- The Washington Times - Tuesday, September 9, 2008




Once again, Japan is politically adrift. The consequences for Japan itself, for the rest of Asia, and for the United States as a Pacific power will undoubtedly be painful.

By now, almost everyone who ever heard of Japan is aware Prime Minister Yasuo Fukuda called a late evening press conference Sept. 1 to announce abruptly that he intended to resign. After a stunned reaction, potential successors started scrambling for the prime minister’s chair.

More important, Mr. Fukuda’s sudden departure was telling evidence that Japan was not yet ready to step up to leadership in Asia as the nation has had ineffective prime ministers, with the exception of Junichiro Koizumi, for two decades. Japan has thus relinquished leadership to an emerging China and has boosted the ambitions of South Korea, Indonesia and India to exert influence.

The ally often touted as the “linchpin” in U.S. strategy in Asia has instead shown itself to be a weak link. In particular, the informal triple alliance of Japan, Australia and the United States that has been gradually constructed in recent years appears now to be built on quicksand.

An immediate test for whoever replaces Mr. Fukuda will be passing legislation to permit Japanese warships to carry on refueling tasks in the Indian Ocean in support of U.S. and coalition operations in Iraq and Afghanistan. Japan’s parliament, or Diet, has authorized those missions only until year’s end. Withdrawing that support would disrupt military operations and further damage Japan’s international standing.

Medium term, the turbulence in Tokyo threatens U.S. plans to realign its military forces in Asia, notably in Japan and South Korea. Michael Auslin, a scholar at the American Enterprise Institute in Washington suggested that a new Japanese prime minister this month and a new American president in January will have their hands full keeping this plan on track.

“Billions of dollars are needed to move U.S. troops from current bases to Guam or to new facilities in Japan, and Tokyo has pledged to provide much of the funding,” Mr. Auslin said. “In addition, Washington expects Japan to continue its role in missile defense, and Japan’s Defense Ministry is looking to upgrade weapons systems from Aegis ships to jet fighters.”

Longer run, the United States has already expressed disappointment with Japan. The U.S. ambassador in Tokyo, J. Thomas Schieffer, said in May that Japan was spending less on its national defense in relation to its economic strength than any NATO or developed country.

“Yet in a time when the Japanese people are increasingly apprehensive about military threats emanating from adversaries or potential adversaries in the region,” Mr. Schieffer told the Foreign Correspondents Club in Tokyo, “Japanese citizens do not have to worry about their safety because those adversaries know that an attack upon Japan would be met by the full force and effect of American military power.”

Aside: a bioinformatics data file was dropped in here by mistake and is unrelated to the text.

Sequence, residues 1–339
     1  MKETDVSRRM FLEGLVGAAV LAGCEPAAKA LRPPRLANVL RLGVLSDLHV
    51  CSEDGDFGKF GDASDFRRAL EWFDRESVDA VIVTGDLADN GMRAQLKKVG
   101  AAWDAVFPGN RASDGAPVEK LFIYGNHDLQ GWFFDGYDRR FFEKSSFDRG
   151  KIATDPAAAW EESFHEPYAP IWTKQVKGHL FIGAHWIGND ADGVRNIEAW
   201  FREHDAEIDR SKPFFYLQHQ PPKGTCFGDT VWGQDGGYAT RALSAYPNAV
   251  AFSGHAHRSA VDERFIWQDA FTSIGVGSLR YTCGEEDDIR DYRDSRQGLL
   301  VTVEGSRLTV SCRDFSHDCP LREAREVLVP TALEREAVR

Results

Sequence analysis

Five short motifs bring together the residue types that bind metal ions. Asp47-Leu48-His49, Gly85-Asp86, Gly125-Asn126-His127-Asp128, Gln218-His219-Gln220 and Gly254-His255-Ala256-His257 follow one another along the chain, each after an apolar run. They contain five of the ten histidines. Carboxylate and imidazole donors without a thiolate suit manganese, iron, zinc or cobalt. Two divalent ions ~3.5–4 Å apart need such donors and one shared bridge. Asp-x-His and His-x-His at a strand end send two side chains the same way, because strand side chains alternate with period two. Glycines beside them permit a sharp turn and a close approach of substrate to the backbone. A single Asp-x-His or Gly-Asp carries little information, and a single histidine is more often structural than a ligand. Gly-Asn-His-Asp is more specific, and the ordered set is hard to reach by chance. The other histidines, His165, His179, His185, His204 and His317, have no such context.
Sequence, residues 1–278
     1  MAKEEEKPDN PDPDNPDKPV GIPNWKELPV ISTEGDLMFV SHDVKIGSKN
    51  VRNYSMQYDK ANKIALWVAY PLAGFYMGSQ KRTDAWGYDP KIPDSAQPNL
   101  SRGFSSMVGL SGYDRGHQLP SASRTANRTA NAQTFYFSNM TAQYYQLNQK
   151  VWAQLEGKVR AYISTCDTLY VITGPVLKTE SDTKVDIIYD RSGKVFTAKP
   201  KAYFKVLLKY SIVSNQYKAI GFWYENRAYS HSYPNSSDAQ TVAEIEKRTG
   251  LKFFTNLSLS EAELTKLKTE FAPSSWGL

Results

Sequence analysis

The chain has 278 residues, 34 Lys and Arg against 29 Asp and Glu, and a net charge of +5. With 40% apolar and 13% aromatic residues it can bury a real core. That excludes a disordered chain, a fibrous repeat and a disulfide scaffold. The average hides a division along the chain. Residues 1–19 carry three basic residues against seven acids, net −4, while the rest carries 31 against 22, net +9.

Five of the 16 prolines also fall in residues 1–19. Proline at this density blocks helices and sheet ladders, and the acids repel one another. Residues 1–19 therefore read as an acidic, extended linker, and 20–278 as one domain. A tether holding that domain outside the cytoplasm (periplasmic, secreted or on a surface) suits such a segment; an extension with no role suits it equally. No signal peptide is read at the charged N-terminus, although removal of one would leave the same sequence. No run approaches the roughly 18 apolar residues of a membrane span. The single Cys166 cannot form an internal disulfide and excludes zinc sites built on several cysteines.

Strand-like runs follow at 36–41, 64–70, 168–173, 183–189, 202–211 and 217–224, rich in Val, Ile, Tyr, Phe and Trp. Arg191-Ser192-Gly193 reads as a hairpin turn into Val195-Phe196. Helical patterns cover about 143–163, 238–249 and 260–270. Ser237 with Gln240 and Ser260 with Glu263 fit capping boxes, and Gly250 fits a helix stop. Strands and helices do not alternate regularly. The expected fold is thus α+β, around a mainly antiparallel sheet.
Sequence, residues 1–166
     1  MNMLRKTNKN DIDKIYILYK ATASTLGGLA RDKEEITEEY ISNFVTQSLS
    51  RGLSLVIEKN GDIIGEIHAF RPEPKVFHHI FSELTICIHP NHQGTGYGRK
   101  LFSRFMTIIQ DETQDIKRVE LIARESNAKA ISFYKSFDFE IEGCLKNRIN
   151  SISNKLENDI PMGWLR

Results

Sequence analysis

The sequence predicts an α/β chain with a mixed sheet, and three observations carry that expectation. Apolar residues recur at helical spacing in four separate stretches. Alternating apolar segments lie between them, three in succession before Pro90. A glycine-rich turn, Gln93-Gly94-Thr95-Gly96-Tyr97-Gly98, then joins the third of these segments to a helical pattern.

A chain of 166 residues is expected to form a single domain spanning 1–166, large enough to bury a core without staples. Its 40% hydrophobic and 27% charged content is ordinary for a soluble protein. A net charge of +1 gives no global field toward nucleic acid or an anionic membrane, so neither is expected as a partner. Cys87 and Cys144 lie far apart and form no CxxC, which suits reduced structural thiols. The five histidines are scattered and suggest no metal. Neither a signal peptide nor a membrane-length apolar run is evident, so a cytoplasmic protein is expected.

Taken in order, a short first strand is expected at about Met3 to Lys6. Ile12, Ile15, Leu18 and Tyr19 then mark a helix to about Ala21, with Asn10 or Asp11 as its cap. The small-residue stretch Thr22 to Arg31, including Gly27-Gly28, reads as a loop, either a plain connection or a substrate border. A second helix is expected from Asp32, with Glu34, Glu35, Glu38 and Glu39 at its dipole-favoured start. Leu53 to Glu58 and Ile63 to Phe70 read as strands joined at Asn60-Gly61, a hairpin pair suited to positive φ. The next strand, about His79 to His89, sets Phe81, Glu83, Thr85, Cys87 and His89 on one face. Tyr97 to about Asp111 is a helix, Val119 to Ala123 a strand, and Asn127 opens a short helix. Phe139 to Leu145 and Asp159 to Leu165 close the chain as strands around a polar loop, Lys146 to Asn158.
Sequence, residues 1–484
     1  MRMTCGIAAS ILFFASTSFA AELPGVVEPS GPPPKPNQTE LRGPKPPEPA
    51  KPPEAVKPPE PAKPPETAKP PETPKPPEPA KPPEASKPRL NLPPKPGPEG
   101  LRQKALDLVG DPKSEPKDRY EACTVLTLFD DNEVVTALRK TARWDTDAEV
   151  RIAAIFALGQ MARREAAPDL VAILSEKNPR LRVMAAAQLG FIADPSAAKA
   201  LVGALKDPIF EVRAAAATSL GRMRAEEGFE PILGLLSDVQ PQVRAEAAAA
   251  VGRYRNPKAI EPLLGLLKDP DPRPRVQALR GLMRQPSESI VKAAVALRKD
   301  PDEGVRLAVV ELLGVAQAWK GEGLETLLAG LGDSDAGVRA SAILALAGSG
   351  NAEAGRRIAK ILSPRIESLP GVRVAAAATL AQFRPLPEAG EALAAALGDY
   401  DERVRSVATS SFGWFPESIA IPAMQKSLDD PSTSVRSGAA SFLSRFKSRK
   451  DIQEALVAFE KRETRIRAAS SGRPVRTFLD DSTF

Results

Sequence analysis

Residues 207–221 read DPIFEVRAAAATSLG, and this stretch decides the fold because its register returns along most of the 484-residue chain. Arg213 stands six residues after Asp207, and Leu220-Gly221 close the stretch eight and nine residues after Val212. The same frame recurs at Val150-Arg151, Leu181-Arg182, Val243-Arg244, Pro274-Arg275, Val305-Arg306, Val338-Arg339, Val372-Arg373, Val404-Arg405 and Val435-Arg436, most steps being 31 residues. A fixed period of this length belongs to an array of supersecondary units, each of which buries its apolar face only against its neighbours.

“We believe,” the ambassador asserted, “that Japan should consider the benefits of increasing its own defense spending to make a greater not lesser contribution to its own security.”

After World War II ended 63 years ago this week, Prime Minister Shigeru Yoshida soon appeared on the scene to begin rebuilding Japan. After him came several “deshi,” or followers he had mentored. Those capable prime ministers continued to emphasize economic growth and reliance on the United States for security.

Among the last of them, Prime Minister Yasuhiro Nakasone was seen as something of a nationalist who nudged Japan into a more active role in security during his five years in office and cultivated working relations with President Ronald Reagan.

After Mr. Nakasone retired in 1987 came a dozen undistinguished prime ministers, some of whom lasted only a few months. The exception was Mr. Koizumi, who was prime minister from April 2001 to September 2006 and cajoled Japan into an assertive foreign policy and security stance. That posture, however, did not survive his departure.

In this dreary landscape, the United States has few alternatives because no other Asian ally has the strategic potential of Japan. Paul S. Giarra, a longtime “Japan hand” now with the Science Applications International Corp., a Washington think tank, was succinct in grappling with the question of dealing with Japan’s drift.

“Preserve the basic relationship, recognizing Japan’s potential if not current capability,” Mr. Giarra said in response to an e-mail query. “Emphasize and exploit cooperation, whenever and wherever possible. Expand around the security relationship to enhance broader global cooperation.”

Mr. Giarra’s conclusion: “Keep Japan on our side ‘no matter what.’ ”

Richard Halloran is a freelance writer and former New York Times correspondent based in Honolulu.

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